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Social Behavior in Dogs

Social Behavior in Dogs

Dogs are a very social species and form strong attachments with their human family members. Given their pack behavior tendency, it is important that you establish your leadership role over your dog as early as possible. Structure and positive reinforcement go a long way in establishing appropriate social roles.

Because dogs are very social, some dogs may form dysfunctional attachments to their owners that can result in separation anxiety. Therefore, it is important to teach your dog to be comfortable when separated from you for increasingly longer periods of time. Gradually accustom your dog to being away from you in 10-minute increments. In addition, if you continually give in to your dog’s demands (demanding petting, demanding playtime or treats), you will be reinforcing needy and/or bossy behavior.

Establish proper play behavior by socializing your pet early to a variety of people and other animals. Puppy play classes provide an excellent opportunity for exposure in a controlled environment. Many veterinarians discourage taking puppies to puppy class until they are fully vaccinated at four months of age. While there is some risk that your puppy could contract an illness from such exposure, far more dogs are surrendered to shelters because they received insufficient socialization to dogs and people at an early age and become excessively fearful or aggressive.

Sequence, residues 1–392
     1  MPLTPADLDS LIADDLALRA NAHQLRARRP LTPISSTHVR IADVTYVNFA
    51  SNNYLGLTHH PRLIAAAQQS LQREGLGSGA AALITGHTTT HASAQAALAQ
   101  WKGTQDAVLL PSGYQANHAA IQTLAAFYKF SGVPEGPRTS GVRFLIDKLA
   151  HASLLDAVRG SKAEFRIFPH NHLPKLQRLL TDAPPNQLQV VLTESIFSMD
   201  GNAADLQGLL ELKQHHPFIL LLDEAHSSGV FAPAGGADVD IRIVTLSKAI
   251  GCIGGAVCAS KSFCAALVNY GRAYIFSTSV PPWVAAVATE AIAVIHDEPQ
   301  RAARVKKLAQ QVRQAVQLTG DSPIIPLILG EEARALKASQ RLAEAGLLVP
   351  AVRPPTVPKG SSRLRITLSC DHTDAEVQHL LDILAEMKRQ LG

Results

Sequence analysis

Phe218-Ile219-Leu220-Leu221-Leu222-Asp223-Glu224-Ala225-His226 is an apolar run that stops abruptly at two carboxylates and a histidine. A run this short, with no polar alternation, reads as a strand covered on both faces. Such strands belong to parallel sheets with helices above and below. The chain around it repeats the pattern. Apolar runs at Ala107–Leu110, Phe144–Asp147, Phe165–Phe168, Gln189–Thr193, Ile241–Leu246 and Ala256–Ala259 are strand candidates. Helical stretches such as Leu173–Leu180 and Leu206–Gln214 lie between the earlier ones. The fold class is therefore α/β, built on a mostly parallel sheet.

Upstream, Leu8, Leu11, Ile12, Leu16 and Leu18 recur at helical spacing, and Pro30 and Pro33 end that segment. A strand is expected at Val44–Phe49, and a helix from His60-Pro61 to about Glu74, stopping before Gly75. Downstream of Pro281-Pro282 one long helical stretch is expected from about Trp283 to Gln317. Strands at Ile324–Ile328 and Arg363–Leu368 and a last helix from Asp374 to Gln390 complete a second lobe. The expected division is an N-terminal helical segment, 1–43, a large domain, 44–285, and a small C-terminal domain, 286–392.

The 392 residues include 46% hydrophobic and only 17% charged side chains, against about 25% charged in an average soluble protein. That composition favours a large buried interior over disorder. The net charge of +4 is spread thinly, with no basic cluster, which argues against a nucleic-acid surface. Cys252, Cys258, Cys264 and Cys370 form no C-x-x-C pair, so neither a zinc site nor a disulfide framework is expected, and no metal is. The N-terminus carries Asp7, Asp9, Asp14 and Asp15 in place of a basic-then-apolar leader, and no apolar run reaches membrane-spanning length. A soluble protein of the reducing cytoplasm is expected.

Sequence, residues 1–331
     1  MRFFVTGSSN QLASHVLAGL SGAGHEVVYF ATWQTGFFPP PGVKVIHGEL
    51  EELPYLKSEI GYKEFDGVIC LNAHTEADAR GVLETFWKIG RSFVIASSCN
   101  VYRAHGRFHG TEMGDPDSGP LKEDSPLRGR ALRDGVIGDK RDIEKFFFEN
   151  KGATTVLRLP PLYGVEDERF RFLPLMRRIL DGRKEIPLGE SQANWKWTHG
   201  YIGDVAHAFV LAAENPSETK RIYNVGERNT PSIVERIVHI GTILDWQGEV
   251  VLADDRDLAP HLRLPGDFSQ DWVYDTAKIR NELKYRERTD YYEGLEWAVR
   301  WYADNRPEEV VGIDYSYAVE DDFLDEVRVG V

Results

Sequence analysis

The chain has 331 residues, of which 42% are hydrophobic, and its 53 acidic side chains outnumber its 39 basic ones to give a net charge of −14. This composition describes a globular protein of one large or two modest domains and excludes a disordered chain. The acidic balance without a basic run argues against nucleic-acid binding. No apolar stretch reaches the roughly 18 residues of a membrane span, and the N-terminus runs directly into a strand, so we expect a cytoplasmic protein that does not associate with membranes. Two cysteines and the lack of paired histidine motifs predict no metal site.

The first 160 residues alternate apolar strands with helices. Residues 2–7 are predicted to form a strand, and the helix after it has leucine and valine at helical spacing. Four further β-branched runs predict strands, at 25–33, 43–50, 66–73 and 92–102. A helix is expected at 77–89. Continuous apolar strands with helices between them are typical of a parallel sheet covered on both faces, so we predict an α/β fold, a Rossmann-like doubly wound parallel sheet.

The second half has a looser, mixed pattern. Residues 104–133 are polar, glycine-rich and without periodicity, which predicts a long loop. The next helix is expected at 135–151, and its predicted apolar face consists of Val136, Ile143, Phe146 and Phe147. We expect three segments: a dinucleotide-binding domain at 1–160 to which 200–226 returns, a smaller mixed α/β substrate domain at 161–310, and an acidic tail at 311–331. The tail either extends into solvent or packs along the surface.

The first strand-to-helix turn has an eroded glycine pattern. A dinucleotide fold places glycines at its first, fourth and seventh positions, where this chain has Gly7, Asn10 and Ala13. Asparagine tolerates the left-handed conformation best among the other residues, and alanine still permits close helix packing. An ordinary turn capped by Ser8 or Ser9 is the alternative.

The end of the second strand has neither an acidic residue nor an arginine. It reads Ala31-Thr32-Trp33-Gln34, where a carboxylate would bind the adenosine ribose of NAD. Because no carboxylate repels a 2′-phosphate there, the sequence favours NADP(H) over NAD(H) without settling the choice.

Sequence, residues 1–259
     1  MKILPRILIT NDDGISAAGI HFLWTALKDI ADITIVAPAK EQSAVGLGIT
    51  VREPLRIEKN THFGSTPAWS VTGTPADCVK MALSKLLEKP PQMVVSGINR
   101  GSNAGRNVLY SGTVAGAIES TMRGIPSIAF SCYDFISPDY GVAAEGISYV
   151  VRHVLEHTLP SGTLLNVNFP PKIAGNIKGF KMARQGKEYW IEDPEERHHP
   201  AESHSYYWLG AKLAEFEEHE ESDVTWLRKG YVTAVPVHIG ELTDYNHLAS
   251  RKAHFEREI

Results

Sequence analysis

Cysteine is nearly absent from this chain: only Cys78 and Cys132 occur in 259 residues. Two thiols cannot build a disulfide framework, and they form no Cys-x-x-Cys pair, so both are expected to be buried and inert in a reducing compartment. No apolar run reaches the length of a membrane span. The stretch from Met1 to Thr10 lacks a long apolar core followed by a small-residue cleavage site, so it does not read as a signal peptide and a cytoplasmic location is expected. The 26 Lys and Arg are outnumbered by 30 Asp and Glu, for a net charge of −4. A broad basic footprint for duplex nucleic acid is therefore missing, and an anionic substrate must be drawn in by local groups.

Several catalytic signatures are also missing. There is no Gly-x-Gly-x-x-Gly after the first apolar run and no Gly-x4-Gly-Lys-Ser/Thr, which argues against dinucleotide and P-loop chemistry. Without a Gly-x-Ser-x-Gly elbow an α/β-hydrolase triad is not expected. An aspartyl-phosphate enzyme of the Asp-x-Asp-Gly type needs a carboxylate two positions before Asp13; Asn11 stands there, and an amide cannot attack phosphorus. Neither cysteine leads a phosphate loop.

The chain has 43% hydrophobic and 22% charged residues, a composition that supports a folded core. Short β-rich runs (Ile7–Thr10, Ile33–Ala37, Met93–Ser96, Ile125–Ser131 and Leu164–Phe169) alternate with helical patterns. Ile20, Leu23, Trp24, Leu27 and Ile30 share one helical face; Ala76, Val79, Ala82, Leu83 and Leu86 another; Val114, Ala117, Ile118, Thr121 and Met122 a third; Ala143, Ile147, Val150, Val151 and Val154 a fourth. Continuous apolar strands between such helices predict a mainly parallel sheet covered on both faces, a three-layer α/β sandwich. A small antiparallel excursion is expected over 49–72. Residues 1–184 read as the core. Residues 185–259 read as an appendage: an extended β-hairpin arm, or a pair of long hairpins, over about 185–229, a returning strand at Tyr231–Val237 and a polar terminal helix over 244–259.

Prevent thievery from turning into an attention-seeking game by ignoring your dog if he or she steals something that is not harmful or valuable. If you need to retrieve the item, offer a trade until you’ve taught your dog to relinquish objects on command.

Reward your dog when it offers to relinquish objects. This teaches the notion that relinquishing objects is a "good thing" as opposed to keeping them for a game of chase.

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Dr. Borns-Weil says...

Dr. Stephanie Borns-Weil, DVM, DACVB

Dr. Borns-Weil, DVM, DACVB

Board-Certified Animal Behaviorist

Dogs are a very social species and form strong attachments with their human family members.